Droplet-resolved direct numerical simulation of fuel droplet evaporation

All dates for this event occur in the past.

Scott Lab E439
201 W. 19th Avenue Columbus, OH 43210
Columbus, OH 43210
United States

Name: Abhishek Jain

Evaporation of fuel droplets and mixing of fuel vapor with the oxidizer is the driving force for combustion reactions in many combustion devices. Since the flow in most practical combustion devices is turbulent, an understanding of the interactions among turbulence, mixing and reactions is necessary to improve fuel efficiency and reduce pollutant emissions. However, the effects of small-scale turbulence on the dynamics of evaporation and the resultant fuel vapor field are relatively less known. Fluctuating relative velocity and inhomogeneities in the fuel vapor field around the droplets have been observed to affect the droplet vaporization rates. Apart from the droplet-turbulence interactions, droplet-droplet interactions and turbulent mixing of the fuel vapor with the oxidizer are other aspects critical to the formation of a combustible mixture. The present work aims to contribute towards a physical understanding of the droplet-turbulence and droplet-droplet interactions as well as the turbulent mixing of fuel vapor by performing droplet-resolved direct numerical simulation (DNS). The effects of turbulence on the evaporation of droplets larger than the Kolmogorov length scale are investigated using droplet-resolved DNS. The DNS is performed using a numerical method based on the immersed boundary method (IBM) that is developed here to perform efficient DNS with multiple droplets. Firstly, an improved IBM for a general particulate flow is developed. The displaced forcing and the predictor-corrector forcing are proposed and validated for the prediction of drag and scalar gradients on the immersed body in incompressible flows. The method is extended for application to variable density flows using a low Mach formulation by carefully considering the phase change. The predictions of evaporation rates are validated using a correlation for both stationary and moving droplets. The droplet-resolved DNS considers droplets in the dilute regime of spray atomization and targets operating conditions relevant to internal combustion engines. The effects of key factors such as the droplet diameter, the Kolmogorov length scale, the ratio of droplet velocity to the fluctuating gas velocity and pressure are studied. The temporal statistics are studied in terms of model predictions using a commonly employed correlation. The evaporation and scalar mixing for clustered droplets is studied to investigate the droplet-droplet interactions and assess their relevance on top of the droplet-turbulence interactions experienced by a droplet in isolation. The small-scale mixing is investigated in terms of the scalar dissipation and diffusion rates. The effects of the unity Lewis assumption, a frequently used simplification, on the evaporation and mixing are also studied.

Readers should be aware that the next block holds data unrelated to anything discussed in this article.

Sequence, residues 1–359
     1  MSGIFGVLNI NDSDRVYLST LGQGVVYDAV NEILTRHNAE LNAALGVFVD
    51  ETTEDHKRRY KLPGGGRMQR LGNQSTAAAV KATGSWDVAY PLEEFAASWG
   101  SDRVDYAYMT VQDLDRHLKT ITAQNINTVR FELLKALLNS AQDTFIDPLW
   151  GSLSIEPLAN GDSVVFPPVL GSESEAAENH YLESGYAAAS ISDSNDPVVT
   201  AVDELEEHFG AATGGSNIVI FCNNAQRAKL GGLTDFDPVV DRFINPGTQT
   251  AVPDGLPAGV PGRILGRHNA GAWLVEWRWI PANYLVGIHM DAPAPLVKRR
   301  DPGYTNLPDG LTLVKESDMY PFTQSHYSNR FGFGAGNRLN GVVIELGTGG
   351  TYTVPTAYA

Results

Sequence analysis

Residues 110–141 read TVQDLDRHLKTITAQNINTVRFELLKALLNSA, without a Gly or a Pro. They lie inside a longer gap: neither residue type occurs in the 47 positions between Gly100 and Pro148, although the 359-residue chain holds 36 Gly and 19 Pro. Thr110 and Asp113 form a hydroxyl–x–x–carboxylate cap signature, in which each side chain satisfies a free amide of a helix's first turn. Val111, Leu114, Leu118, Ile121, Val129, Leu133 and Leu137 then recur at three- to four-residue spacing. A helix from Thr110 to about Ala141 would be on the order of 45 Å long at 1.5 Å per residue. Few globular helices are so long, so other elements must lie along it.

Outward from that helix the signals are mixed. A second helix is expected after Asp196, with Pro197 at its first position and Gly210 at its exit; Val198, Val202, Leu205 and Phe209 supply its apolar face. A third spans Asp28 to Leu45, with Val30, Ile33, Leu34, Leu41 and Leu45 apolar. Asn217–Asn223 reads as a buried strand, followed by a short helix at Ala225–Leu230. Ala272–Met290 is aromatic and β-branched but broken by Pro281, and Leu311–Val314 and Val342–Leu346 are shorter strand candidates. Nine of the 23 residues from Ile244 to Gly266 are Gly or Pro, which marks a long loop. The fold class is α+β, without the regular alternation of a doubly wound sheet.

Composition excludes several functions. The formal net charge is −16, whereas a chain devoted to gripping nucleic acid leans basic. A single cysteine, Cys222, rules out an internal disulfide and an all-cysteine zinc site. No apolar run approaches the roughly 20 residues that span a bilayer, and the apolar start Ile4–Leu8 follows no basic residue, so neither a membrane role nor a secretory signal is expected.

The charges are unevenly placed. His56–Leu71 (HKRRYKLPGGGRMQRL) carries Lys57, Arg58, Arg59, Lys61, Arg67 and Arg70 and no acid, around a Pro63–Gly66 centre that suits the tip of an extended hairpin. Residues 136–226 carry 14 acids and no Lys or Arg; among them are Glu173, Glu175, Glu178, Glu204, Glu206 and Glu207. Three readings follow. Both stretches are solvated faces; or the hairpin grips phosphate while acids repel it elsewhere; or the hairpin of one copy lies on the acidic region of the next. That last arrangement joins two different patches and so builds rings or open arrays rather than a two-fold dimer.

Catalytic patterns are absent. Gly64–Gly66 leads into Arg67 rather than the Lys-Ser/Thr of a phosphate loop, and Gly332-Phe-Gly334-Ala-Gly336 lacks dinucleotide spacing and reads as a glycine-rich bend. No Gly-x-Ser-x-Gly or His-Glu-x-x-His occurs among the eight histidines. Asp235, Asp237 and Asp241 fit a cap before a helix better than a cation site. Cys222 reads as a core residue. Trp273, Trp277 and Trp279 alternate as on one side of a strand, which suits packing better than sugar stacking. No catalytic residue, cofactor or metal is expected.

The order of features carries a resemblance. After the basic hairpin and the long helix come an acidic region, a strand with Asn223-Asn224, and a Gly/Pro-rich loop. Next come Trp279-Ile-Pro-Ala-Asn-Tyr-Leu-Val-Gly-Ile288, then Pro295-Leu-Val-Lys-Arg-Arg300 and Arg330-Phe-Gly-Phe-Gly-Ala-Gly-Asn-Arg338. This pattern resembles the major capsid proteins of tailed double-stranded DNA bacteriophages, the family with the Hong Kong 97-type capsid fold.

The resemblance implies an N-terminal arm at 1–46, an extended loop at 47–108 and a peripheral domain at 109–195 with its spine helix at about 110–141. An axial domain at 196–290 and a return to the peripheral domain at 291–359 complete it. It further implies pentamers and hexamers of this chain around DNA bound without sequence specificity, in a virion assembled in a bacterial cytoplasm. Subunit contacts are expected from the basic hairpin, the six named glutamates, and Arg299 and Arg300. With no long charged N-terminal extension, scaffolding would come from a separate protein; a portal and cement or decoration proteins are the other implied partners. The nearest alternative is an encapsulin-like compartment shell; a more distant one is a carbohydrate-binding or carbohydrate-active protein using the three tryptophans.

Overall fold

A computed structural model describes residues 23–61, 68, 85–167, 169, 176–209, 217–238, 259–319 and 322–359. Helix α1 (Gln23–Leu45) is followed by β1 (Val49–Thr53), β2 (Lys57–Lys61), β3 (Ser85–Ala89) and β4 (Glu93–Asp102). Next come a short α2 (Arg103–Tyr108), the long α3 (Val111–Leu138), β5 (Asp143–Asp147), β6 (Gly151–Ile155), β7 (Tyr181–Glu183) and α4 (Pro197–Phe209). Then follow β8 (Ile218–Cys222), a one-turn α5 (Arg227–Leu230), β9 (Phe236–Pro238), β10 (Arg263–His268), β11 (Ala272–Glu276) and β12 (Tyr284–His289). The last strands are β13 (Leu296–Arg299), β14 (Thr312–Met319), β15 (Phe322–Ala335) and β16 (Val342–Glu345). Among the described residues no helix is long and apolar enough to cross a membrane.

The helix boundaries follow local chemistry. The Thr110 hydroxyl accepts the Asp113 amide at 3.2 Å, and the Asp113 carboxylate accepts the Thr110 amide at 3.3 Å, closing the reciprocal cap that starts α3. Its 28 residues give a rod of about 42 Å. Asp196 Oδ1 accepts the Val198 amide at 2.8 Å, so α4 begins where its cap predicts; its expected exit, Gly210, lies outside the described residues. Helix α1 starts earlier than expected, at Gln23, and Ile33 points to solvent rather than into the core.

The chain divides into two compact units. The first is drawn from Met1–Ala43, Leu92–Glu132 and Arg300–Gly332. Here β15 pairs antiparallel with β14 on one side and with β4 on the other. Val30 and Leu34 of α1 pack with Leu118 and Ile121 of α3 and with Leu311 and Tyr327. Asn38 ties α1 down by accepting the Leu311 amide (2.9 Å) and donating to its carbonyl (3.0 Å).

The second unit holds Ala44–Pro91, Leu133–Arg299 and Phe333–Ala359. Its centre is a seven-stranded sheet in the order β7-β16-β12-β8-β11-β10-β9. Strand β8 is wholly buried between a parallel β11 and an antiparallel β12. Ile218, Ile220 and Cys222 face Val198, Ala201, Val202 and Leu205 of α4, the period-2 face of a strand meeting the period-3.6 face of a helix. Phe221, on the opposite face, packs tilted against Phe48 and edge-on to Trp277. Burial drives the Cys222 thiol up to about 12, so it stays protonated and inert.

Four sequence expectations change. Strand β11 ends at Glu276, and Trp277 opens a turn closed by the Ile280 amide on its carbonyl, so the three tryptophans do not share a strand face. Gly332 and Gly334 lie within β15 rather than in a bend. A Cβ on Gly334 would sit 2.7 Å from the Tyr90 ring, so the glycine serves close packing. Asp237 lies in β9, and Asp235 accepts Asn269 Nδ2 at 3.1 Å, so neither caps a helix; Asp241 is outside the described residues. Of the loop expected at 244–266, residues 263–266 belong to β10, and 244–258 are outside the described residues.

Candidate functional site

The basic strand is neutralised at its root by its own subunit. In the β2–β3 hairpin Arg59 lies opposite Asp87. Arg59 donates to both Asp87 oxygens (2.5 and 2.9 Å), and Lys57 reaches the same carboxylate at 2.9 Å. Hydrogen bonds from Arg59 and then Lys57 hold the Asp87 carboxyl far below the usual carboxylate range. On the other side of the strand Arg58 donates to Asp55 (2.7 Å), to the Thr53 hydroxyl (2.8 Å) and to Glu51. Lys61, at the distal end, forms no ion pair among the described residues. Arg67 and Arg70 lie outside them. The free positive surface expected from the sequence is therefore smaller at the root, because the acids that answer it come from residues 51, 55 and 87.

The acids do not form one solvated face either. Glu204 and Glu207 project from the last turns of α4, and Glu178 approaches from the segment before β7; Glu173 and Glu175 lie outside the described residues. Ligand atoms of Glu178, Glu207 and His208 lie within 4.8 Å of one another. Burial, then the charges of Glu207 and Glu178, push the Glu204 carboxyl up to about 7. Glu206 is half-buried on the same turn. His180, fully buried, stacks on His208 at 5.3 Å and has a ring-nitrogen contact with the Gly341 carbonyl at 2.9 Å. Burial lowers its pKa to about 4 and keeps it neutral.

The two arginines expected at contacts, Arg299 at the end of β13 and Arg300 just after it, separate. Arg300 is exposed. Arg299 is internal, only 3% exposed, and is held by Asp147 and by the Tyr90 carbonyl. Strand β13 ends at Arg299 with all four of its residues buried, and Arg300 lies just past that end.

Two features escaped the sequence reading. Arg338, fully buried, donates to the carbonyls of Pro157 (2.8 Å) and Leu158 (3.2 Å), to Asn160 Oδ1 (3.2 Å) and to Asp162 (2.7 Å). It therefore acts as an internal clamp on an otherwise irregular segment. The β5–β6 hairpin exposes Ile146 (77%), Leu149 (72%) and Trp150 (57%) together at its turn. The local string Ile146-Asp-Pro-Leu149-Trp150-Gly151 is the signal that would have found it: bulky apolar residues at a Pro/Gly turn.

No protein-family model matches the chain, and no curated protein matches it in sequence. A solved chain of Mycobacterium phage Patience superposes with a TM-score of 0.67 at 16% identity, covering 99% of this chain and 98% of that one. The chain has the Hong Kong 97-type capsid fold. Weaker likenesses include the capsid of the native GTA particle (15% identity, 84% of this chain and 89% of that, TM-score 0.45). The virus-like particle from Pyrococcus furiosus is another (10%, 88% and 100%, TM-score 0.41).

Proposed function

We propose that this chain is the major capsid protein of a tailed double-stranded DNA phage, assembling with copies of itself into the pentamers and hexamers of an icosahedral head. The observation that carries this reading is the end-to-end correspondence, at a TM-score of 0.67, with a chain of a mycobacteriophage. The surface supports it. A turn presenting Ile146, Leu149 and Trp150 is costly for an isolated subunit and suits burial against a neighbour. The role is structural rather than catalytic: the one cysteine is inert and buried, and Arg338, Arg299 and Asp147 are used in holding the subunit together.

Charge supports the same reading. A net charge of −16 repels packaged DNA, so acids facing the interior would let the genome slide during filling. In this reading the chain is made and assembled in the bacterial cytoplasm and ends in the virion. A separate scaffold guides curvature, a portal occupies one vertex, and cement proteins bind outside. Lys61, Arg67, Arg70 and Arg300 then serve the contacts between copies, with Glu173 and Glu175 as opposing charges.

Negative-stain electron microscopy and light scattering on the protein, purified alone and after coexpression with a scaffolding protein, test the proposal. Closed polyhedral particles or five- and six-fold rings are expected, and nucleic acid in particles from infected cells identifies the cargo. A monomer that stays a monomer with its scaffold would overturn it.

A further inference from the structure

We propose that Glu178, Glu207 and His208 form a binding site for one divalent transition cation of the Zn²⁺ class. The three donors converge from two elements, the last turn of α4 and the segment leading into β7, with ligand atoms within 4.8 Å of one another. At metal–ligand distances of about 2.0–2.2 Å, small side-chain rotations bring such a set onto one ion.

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Committee Members
Associate Professor Seung Hyun Kim
Professor Datta Gaitonde
Professor Sandip Mazumder
Professor Jeffrey Sutton

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